The Port of Greater Baton Rouge announced a new weekly short-sea shipping service for containers via barge to the Port of New Orleans. This regular service is scheduled weekly to facilitate demand from local industry.
Osprey Line operates the container terminal at the Baton Rouge port
’s Inland Rivers Marine Terminal and launched the first weekly shipment Friday, January 9, 2004 to the Napoleon Street Wharf Container Terminal in New Orleans. Osprey Line President Rick Couch said
, “With this weekly container-on-barge shipping schedule, local companies who import and export products to and from the Port of New Orleans can take advantage of lower transportation costs. Most products can be moved by container-on-barge. Our service now represents a viable, competitive transportation option for companies shipping containers in the Baton Rouge area.”
Cost savings is at the top of the list of advantages for container-on-barge service. Couch said, “Containers on trucks can only be filled to 80 percent of their capacity because of weight restrictions. But containers loaded onto barges can be filled to capacity, which means fewer containers. Fewer containers means the shipper saves money.” Unique, specialized cargo handling equipment at the terminal also add to the savings.
The container-on-barge shipping method is an efficient, streamlined mode of transportation, stated Couch. “When containers are trucked to a port, trucks make stops at the port gate to complete paperwork. Eighty trucks, 80 stops at the gate, 80 sets of paperwork. Finally, the trucks proceed to the dock for unloading. But container-on-barge shipments travel straight to the dock. One set of paperwork, plus the port’s gate is freed of truck traffic.” Osprey uses computer technology to further streamline the process. “We issue electronic dock receipts, so the receiving port has the paperwork even before the barge arrives. Plus, we use software that allows the client to track their cargo,” he said.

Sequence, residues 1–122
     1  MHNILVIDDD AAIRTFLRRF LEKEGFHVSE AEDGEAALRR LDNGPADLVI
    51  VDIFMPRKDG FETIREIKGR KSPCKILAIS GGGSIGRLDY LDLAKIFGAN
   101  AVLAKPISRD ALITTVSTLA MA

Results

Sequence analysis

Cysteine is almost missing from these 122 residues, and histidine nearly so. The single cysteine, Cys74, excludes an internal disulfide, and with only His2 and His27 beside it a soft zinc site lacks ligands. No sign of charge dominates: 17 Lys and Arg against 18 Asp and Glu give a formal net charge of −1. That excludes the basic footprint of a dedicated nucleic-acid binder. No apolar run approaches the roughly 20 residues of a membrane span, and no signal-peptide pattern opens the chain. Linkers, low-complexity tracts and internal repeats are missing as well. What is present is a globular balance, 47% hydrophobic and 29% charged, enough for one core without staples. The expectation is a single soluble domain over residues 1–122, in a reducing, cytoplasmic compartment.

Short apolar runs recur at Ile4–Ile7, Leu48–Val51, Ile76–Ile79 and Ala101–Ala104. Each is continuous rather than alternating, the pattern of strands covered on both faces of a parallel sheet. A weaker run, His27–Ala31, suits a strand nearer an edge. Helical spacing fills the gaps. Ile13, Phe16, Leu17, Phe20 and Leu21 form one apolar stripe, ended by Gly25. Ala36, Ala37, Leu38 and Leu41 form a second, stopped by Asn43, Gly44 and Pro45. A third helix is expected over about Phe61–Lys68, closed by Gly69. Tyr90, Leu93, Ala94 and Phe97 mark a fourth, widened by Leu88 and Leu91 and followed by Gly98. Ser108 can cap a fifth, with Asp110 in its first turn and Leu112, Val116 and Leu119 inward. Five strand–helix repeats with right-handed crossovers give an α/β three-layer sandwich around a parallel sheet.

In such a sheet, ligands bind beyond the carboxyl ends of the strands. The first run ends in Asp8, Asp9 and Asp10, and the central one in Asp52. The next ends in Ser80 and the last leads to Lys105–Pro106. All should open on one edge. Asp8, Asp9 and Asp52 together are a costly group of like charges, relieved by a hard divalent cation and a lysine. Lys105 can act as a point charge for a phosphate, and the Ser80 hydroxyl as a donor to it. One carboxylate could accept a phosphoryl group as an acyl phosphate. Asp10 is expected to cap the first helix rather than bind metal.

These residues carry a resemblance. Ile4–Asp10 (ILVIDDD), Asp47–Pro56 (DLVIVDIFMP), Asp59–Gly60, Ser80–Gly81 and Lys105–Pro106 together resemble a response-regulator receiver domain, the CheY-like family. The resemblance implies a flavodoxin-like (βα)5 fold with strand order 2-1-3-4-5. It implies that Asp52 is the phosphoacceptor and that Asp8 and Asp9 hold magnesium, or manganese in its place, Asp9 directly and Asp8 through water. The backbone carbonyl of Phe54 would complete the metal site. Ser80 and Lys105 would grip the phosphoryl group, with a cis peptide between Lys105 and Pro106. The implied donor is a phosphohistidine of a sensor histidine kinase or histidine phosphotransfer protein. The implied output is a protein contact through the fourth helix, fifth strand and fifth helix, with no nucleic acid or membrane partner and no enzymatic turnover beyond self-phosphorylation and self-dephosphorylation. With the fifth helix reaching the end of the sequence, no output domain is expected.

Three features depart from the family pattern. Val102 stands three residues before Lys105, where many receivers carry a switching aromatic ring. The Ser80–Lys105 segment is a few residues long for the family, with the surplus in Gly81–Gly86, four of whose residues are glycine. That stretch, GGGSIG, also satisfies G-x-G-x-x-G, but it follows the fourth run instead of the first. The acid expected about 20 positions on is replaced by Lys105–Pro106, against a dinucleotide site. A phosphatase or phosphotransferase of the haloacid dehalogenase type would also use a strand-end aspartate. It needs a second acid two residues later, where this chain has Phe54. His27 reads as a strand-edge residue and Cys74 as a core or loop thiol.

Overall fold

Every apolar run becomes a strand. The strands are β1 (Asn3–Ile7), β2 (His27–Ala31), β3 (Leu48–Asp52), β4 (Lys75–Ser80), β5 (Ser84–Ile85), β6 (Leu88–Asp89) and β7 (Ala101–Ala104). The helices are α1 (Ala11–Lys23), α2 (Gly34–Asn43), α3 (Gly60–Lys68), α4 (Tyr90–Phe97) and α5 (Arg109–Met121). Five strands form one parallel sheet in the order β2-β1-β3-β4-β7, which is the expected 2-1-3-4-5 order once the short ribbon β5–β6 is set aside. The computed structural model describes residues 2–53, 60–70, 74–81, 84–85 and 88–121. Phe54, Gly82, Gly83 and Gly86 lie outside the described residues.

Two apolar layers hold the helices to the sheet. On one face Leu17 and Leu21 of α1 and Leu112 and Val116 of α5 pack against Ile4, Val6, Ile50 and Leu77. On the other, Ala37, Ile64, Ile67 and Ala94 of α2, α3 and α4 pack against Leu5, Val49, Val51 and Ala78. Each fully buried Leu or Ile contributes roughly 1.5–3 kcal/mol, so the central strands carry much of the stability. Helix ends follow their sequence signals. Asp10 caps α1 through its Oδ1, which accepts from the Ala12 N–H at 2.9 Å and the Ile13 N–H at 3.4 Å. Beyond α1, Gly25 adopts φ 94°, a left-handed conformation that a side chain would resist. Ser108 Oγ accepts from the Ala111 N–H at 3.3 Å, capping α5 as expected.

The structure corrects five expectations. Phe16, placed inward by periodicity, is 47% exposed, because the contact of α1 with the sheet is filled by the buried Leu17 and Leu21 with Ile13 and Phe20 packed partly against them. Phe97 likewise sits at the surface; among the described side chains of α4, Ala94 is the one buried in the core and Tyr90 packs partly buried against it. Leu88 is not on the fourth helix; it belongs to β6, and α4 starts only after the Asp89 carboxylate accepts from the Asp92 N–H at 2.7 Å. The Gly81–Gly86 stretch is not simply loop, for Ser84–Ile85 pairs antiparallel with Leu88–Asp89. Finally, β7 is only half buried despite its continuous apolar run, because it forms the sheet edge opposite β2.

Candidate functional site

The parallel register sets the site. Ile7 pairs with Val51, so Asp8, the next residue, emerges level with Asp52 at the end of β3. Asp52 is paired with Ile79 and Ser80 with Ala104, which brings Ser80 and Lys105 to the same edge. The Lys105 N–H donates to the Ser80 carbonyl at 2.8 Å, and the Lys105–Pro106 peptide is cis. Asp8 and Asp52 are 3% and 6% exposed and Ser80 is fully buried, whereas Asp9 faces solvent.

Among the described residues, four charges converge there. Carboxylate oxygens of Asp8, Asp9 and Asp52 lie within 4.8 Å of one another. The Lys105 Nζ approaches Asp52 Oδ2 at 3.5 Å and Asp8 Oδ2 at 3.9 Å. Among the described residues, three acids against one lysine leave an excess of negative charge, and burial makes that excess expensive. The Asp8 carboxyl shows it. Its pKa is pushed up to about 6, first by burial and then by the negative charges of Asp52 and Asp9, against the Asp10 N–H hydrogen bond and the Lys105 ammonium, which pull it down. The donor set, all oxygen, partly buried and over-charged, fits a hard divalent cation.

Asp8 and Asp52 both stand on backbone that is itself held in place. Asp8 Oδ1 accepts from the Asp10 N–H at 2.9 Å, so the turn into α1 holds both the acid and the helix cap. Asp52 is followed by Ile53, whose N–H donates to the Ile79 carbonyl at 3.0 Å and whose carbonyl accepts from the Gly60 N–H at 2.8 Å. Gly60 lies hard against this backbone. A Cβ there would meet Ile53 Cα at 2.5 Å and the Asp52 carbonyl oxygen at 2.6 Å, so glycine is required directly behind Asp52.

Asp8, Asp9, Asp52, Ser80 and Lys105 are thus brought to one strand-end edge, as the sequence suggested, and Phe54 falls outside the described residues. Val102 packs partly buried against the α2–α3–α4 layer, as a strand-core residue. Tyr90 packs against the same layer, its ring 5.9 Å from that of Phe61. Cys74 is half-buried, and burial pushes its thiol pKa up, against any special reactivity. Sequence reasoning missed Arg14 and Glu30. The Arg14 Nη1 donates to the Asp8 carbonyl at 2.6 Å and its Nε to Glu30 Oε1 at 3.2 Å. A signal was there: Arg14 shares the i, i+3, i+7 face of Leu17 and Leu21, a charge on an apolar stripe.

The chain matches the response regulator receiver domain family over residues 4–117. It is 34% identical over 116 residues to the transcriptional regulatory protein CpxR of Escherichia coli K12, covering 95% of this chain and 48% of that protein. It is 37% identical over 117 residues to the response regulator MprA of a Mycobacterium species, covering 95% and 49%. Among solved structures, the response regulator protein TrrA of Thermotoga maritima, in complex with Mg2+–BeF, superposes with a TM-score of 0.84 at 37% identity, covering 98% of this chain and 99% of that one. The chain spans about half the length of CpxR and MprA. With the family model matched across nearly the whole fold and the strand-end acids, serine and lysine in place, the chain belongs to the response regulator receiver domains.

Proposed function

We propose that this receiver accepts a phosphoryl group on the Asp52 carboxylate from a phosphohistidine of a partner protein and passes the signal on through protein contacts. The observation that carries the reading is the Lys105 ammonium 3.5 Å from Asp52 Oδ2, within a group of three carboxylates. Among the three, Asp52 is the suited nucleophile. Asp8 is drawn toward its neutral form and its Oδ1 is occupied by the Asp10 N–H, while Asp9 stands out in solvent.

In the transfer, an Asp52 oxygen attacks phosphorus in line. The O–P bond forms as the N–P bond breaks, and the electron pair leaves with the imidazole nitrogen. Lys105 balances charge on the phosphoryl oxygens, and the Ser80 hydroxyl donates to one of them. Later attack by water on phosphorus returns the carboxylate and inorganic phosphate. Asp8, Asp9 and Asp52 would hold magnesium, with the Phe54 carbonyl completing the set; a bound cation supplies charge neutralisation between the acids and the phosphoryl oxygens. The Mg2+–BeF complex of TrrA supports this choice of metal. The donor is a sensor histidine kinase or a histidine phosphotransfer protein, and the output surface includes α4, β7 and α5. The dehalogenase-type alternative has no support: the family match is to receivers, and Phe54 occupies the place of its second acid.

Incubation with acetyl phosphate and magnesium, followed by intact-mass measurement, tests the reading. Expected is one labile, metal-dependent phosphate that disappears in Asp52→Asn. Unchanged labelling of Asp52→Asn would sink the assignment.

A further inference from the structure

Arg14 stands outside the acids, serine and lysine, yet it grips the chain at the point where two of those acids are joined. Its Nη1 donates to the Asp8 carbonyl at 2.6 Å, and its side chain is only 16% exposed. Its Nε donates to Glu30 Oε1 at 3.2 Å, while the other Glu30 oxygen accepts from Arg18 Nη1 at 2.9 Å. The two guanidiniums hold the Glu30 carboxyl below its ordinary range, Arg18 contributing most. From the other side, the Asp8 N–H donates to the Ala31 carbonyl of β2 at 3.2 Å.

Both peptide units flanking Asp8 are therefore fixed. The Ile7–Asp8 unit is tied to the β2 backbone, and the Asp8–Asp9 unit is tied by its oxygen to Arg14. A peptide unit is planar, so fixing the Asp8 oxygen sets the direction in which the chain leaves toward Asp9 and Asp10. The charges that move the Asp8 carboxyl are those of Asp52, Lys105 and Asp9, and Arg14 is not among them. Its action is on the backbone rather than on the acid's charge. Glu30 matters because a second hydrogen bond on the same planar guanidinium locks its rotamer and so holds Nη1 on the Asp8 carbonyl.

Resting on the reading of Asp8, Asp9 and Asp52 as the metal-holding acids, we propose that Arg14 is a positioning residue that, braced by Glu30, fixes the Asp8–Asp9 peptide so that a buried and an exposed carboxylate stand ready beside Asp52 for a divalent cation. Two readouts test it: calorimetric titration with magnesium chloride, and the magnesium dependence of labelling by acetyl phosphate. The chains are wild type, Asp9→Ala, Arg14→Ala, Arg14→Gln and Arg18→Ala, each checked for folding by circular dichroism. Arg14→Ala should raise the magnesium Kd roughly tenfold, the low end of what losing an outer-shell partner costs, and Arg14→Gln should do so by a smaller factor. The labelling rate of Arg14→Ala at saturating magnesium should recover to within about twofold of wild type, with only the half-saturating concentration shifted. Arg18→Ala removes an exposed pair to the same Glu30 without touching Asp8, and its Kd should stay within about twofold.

In Europe, container-on-barge transportation is the shipping mode of choice where half of all cargo is moved via inland waterways. In North America, only 10 percent of cargo is moved via rivers. Port of Greater Baton Rouge Director
of Business Development Greg Johnson said, “We believe the container-on-barge service will steadily increase in popularity. It’s been proven in Europe. Maritime experts call it ‘the wave of the future.’ We’ve experienced a sharp increase in demand after just four months in service. Weekly service to New Orleans is our response to the demand, and we predict future expansions. We’re excited to be a leader in the industry here in Louisiana,” said Johnson.
Built specifically to handle container-on-barge cargo, the terminal at the Baton Rouge port is the first of its kind on the Mississippi River. The $3.6 million facility is the result of a cooperative effort between the Louisiana Department of Transportation and Development’s Port Priority Program, Louisiana Economic Development and the Port of Greater Baton Rouge. Trucks, trains and barges are loaded and unloaded at the four-acre marshalling area and warehouse; the site can store 150 containers.
Port of Greater Baton Rouge CEO Roger Richard said, “The container-on-barge service has been three years in the making. Three years of construction, development, marketing and logistics have come to fruition. As a result, local business and industry can add this new, efficient service to their list of transportation options. And, container-on-barge service creates jobs for local longshoremen while adding value to the port’s scope of services. It’s a win-win for everyone involved,” Richard concluded.